January 17, 2019
Flashing and oscillating lights were reported moving up and down by the pilot of an aircraft flying between Quebec City and Sept-Iles at an altitude of 23,000 ft. ATC reported closest aircraft was 50 nautical miles ahead. Report labeled as “Unknown.”
April 11, 2019
A Boeing 737-800 aircraft operated by Sunwing Airlines, from Montego Bay/Sangster Intl (MKJS), Jamaica to Toronto/Lester B. Pearson Intl (CYYZ), ON with 6 crew members and 193 passengers on board. While being vectored for an approach to Runway 06L at CYYZ, the flight crew received a traffic alert and collision avoidance system (TCAS) alert at 3000 ft, indicating they should climb. Prime target appeared momentarily below, then disappeared.  The flight crew complied with the command, and advised ATC. ATC replied that the conflicting traffic was unidentified, and not in communication with ATC. Sunwing a/c was vectored for a second approach, and landed without further incident.

See? Nothing new.

And here's a radar report from Ottawa in April 1978

Official documents show us that UFO reports can indeed be interesting.


Monday, December 16, 2019


Still more media interest in the UFO Archive

The calls keep coming in about my donation of the UFO archive.

And the media interest keeps ramping up.

Unfortunately, it's like the kids' game "Whisper." Every time the story is retold, errors creep in!

It's not "a massive trove of government UFO reports," as the Sun notes:

And then on Friday, I had a call from a blogger who wanted to interview me because he had seen the story on Mental Floss, one of my favourite Fortean zines that is now only online. Their source was the LiveScience article.

Then I was alerted that the story had even made Fox News, so it was going literally everywhere.

The Winnipeg Free Press carried it as well. It's behind a paywall, so here's an excerpt:
It's not just an uplifting exhibit you can see — you could say it's out of this world.
After more than 40 years of research into unidentified flying objects, Chris Rutkowski has donated to the University of Manitoba his entire collection of files, documents and other materials dealing with the Falcon Lake UFO case.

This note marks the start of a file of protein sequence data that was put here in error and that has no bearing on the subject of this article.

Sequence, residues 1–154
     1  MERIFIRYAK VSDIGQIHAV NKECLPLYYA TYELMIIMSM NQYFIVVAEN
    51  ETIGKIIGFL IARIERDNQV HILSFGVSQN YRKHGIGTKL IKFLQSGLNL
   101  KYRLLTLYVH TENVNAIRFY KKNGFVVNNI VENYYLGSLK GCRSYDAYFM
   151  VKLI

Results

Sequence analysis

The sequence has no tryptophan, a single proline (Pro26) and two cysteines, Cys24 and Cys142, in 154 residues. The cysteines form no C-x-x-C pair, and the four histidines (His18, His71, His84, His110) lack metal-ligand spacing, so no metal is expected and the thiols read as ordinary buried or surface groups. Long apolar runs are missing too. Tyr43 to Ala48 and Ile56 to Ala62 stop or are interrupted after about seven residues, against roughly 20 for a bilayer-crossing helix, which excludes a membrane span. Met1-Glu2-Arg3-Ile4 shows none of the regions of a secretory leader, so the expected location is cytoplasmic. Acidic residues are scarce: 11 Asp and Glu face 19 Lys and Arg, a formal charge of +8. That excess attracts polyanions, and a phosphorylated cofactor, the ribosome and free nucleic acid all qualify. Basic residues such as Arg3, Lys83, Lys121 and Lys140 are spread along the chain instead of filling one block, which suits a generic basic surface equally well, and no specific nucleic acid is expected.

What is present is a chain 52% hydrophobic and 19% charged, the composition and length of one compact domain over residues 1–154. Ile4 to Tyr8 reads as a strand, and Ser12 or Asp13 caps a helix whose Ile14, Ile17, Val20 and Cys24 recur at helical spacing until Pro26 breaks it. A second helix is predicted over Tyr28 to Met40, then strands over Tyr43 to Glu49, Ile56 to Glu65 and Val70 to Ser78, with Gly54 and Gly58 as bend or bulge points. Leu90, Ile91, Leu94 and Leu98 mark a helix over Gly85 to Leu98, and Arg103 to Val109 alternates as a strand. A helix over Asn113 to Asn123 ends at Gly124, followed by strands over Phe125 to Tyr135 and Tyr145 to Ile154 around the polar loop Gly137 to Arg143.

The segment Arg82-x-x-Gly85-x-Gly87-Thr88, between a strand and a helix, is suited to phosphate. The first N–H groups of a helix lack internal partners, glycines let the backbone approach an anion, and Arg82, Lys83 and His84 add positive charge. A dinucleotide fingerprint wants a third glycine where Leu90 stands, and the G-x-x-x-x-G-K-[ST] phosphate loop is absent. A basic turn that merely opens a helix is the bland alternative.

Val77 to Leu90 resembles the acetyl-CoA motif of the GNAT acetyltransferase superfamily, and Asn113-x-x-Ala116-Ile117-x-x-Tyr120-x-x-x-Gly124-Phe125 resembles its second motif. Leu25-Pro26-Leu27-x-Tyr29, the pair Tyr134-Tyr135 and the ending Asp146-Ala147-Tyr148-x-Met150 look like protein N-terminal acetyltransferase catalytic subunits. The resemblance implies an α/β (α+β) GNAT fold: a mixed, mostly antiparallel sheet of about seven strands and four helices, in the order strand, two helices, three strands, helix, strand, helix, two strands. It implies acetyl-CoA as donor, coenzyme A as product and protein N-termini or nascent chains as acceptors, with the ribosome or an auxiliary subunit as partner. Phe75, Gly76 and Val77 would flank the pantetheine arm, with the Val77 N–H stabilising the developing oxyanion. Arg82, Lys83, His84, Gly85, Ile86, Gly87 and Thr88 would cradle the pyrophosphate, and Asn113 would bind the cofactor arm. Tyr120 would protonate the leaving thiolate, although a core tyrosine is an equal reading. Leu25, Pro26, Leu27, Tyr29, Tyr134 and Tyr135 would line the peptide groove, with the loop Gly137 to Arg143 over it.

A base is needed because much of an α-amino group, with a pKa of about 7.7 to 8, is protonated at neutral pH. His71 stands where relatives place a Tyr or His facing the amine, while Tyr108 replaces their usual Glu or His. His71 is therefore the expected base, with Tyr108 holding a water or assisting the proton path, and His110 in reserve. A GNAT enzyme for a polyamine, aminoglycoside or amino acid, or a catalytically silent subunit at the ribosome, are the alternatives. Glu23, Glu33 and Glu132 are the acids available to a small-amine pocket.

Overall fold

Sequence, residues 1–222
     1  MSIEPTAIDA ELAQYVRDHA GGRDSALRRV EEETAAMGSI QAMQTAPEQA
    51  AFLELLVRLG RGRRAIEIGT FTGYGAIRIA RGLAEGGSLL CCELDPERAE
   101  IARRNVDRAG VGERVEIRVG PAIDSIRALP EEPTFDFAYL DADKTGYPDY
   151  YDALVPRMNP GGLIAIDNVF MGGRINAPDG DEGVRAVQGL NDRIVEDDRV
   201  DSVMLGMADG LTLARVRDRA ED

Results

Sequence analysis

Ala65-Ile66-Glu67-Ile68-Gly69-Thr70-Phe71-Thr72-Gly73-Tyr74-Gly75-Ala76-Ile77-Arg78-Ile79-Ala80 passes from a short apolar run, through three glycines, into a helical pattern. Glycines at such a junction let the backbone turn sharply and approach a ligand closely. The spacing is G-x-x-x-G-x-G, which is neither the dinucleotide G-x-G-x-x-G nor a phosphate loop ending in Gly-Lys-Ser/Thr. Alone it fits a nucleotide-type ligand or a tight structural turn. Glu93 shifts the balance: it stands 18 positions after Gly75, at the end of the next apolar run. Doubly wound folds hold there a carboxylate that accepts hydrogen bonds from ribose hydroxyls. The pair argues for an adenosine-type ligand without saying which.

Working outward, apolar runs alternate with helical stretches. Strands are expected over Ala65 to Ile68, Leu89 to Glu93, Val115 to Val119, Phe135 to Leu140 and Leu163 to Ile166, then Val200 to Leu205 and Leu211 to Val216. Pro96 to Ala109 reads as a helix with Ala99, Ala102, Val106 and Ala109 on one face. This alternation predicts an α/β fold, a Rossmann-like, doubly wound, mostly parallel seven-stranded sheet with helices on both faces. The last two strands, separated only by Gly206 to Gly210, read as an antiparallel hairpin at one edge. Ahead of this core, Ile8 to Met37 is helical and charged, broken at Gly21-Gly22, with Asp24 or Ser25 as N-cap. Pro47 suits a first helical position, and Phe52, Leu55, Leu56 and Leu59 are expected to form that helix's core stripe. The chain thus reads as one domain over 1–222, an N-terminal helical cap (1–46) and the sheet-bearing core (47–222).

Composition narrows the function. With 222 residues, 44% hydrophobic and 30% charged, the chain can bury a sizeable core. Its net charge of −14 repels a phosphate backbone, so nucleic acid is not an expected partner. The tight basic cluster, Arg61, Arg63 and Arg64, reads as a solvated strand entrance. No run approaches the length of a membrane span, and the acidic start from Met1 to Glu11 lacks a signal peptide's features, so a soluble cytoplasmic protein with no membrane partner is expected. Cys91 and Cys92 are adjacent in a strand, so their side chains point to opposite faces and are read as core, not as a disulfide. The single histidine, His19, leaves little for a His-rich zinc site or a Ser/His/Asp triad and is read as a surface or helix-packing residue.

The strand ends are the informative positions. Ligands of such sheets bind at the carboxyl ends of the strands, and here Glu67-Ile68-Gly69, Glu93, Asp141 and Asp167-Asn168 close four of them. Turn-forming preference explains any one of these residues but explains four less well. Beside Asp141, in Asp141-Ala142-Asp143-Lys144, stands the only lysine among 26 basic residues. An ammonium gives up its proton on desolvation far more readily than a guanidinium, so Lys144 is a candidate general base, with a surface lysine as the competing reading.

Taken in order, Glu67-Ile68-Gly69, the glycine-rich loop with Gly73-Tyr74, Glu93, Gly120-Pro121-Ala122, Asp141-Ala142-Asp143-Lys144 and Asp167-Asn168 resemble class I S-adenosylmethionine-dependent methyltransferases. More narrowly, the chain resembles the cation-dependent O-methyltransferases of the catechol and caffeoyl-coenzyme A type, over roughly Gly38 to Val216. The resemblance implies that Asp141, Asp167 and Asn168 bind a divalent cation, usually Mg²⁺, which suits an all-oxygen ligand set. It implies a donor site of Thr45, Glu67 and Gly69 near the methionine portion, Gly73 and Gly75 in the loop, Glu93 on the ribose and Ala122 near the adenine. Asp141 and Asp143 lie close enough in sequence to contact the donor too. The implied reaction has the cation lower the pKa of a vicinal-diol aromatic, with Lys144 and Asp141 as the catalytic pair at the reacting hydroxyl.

Chris Rutkowski, Canada's foremost UFO expert. (JOHN WOODS / THE CANADIAN PRESS FILES)

And, if you go to the university's Archives and Special Collections, you will not only see a display of the material, but for the first time ever you can see some of the artifacts connected to the case, including the shirt Stefan Michalak was wearing when he was chipping away at a quartz formation when he says he suddenly encountered two oval-shaped objects in the air over the provincial park — one which landed.
"I always thought 'what am I going to do with my stuff?'" Rutkowski said recently.

Finally, I started getting notifications that the story about the archived UFO docs even made it into academic circles. The post-secondary news service Academica noted:
The University of Manitoba has announced its receipt of more than 20,000 UFO reports and more than 10,000 UFO-related Canadian Government documents from Canadian Ufologist Chris Rutkowski. “This unique and intriguing historical collection will greatly add to our understanding of the study of UFOs, and will attract students and researchers to study these phenomena for a whole range of reasons,” says UManitoba Head of Archives and Special Collections Shelley Sweeney. “It complements our extensive collection of psychical research and spiritualist archives and puts Winnipeg on the map as the preeminent destination for the study of the paranormal.” UManitoba has also launched a crowdfunding campaign to help digitize the collection.
I guess I really do have to give them all the files and books now. The best news: the university's crowdfunding campaign to digitize the UFO files is already almost at 10% of its goal! Oh, and I've already seen some claims that this is proof that Disclosure is happening (even the watered-down "gradual acclimatization process to the alien presence"). But if I am the one releasing the government UFO docs, then that must mean I am part of the secret cabal in charge. Boy, are the Bilderbergs going to be mad at me. You're welcome.


Thursday, December 12, 2019


Top Ten UFO News of 2019

Top Ten UFO News in 2019

Following the Tic Tac incident on the USS Nimitz in 2004, radar tapes and other documentation were quickly confiscated by mysterious military personnel.

“UFO Tourism” is a thing.

Elon Musk’s SpaceX satellites are giving rise to numerous UFO reports.

The US Navy admits the Tic Tac videos are ‘real,” but they’re not actually interested in UFOs.

Tom DeLonge’s TTSA bought Linda Howe’s “metamaterial” UFO artefact and have contracted with the US Army to test it.

“Storm Area 51” was majorly hyped, and fizzled.

A “blob” seen on radarscopes sent Washington into lockdown.

The US Navy admitted it has redesigned its UFO reporting guidelines for its personnel.

Longtime UFO spokesman Stanton Friedman passed away.

Project Blue Book became a TV show.


This page is powered by Blogger. Isn't yours?